Maryland, a slave state that remained loyal to the Union, is an ideal place to understand the causes, impact, and results of the America’s most violent conflict: the Civil War.
The Maryland Park Service hosts several significant Civil War sites, such as South Mountain and Point Lookout, and Harriet Tubman Underground Railroad State Park. Get outside, explore and learn about some of Maryland’s most significant Civil War sites.
South Mountain State Battlefield seeks to preserve and interpret the first major Civil War battle to take place in Maryland. Fought on September 14, 1862, the Battle of South Mountain was a critical turning point in the war. The Union victories at South Mountain and Antietam (fought three days later) led President Abraham Lincoln to issue the Emancipation Proclamation.
The state battlefield, located along the gaps of South Mountain, includes valuable farm and forestland, and is home to diverse wildlife. Only here does the Appalachian National Scenic Trail intersect a major Civil War battlefield.
Situated on a narrow peninsula where the Potomac River empties into the Chesapeake Bay, Point Lookout was the site of a 40-acre prisoner of war camp that housed up to 52,264 Confederate prisoners from 1863 to 1865.
Opened in March 2017, the Harriet Tubman Underground Railroad State Park Visitor Center invites visitors to experience Tubman’s world through exhibits that are informative and emotive. In addition to having the opportunity to understand Tubman’s early years spent in the Choptank River region of Maryland along with the resistance movement of the Underground Railroad, visitors can learn about her role in the Combahee River Raid in June, 1863. Guests will also gain an appreciation of Tubman’s legacy as a leader, liberator and humanitarian. Further appreciate the life and legacy of this great American heroine by attending a ranger-led program or exploring additional sites along the Harriet Tubman Underground Railroad Byway.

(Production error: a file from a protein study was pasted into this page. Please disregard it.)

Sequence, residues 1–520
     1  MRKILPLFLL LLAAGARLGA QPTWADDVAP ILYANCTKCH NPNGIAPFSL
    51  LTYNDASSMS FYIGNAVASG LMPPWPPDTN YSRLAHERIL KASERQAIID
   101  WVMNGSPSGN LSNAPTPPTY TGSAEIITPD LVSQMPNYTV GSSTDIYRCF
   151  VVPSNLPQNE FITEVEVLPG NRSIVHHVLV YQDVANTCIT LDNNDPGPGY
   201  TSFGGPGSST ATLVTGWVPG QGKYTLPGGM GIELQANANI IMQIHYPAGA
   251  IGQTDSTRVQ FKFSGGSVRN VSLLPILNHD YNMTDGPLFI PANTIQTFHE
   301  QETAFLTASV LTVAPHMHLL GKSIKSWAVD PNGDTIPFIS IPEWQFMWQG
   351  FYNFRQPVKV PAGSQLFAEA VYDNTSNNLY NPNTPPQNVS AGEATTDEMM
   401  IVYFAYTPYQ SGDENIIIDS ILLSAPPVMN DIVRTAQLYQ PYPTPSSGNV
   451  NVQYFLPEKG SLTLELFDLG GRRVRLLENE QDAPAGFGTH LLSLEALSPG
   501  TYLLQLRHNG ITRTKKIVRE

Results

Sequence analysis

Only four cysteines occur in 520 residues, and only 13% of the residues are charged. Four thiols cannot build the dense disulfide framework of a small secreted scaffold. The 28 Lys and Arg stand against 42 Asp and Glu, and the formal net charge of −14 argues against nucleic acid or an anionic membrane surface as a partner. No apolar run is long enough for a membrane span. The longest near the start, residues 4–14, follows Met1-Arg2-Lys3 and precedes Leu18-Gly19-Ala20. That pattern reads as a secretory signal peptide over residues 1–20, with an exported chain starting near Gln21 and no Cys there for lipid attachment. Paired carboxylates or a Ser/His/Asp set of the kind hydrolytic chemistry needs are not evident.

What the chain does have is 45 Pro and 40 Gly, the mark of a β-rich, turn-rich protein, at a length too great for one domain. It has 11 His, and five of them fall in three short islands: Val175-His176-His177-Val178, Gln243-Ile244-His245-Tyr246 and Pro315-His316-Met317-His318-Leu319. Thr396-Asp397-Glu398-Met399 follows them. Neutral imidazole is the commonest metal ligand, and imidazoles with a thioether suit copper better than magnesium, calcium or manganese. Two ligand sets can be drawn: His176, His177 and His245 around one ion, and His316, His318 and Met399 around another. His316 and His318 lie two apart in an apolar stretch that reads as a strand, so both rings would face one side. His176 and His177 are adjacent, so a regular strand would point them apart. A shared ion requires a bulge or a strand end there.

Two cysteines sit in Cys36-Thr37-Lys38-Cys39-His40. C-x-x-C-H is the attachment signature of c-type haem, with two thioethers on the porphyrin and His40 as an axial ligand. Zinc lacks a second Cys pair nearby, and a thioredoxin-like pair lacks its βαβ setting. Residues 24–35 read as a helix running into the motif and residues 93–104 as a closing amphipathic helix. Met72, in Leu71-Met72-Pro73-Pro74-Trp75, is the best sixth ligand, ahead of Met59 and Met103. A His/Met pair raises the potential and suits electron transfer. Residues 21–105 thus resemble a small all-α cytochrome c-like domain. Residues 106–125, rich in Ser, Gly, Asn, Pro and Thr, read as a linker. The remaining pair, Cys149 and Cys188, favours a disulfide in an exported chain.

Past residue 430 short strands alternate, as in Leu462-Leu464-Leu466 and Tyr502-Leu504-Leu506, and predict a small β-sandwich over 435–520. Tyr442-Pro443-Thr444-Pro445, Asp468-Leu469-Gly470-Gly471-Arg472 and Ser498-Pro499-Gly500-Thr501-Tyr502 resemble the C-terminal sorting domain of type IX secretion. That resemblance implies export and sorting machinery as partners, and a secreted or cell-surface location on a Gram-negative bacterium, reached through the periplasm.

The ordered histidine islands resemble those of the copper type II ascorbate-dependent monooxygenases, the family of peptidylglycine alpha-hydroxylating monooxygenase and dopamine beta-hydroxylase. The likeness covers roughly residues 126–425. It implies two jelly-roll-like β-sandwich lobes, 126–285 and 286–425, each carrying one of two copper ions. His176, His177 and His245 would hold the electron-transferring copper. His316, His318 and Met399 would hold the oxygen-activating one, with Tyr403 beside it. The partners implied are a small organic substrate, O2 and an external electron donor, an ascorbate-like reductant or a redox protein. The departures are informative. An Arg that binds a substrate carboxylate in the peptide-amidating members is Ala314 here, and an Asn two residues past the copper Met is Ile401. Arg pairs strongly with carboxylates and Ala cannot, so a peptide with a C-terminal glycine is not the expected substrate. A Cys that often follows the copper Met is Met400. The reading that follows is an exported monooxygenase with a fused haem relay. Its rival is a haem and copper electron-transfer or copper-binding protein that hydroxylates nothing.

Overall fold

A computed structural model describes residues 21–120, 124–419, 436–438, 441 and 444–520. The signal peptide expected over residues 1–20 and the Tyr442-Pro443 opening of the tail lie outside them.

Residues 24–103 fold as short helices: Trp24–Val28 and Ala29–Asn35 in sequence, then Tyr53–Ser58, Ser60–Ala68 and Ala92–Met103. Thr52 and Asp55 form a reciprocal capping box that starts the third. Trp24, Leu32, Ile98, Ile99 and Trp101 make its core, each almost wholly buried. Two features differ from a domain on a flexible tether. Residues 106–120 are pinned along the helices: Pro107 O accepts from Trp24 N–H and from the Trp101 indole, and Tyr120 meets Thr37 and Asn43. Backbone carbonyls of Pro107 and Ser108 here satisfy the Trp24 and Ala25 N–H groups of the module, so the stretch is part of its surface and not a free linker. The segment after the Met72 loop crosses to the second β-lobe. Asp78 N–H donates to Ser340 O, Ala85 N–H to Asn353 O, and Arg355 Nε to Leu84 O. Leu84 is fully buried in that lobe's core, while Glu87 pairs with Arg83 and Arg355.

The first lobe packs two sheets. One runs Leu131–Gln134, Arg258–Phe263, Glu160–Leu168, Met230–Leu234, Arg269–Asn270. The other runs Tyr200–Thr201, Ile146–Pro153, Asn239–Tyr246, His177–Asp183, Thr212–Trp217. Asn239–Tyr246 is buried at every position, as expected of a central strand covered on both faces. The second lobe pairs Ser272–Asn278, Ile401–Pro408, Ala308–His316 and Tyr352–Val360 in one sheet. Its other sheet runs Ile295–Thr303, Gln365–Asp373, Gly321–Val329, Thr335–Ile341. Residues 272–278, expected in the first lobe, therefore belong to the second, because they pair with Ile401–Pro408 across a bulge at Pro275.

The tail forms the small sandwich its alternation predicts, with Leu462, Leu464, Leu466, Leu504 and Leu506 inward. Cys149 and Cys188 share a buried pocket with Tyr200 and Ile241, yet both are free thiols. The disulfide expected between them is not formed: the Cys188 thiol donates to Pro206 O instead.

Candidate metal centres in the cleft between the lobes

The Thomas Viaduct - a stone-arched railroad bridge crossing the Patapsco River - proved crucial to the Union's effort to keep its armies supplied and to protect Washington, D.C. The circa-1835 railroad bridge is one of the nation's oldest. It is still used by CSX and MARC trains, and it best viewed from the valley floor along the park's Avalon Area entrance.
Known more for its role in the French and Indian War, Fort Frederick's stone fort also played a minor part in Union efforts to protect both the Chesapeake & Ohio Canal and the Baltimore & Ohio Railroad - both vital supply and transportation links for Union troops in the eastern theatre.
Several other state parks also host notable Civil War-related sites, including:
To learn more about the Civil War in Maryland, see the Maryland Civil War Trails website
580 Taylor Ave, Annapolis MD 21401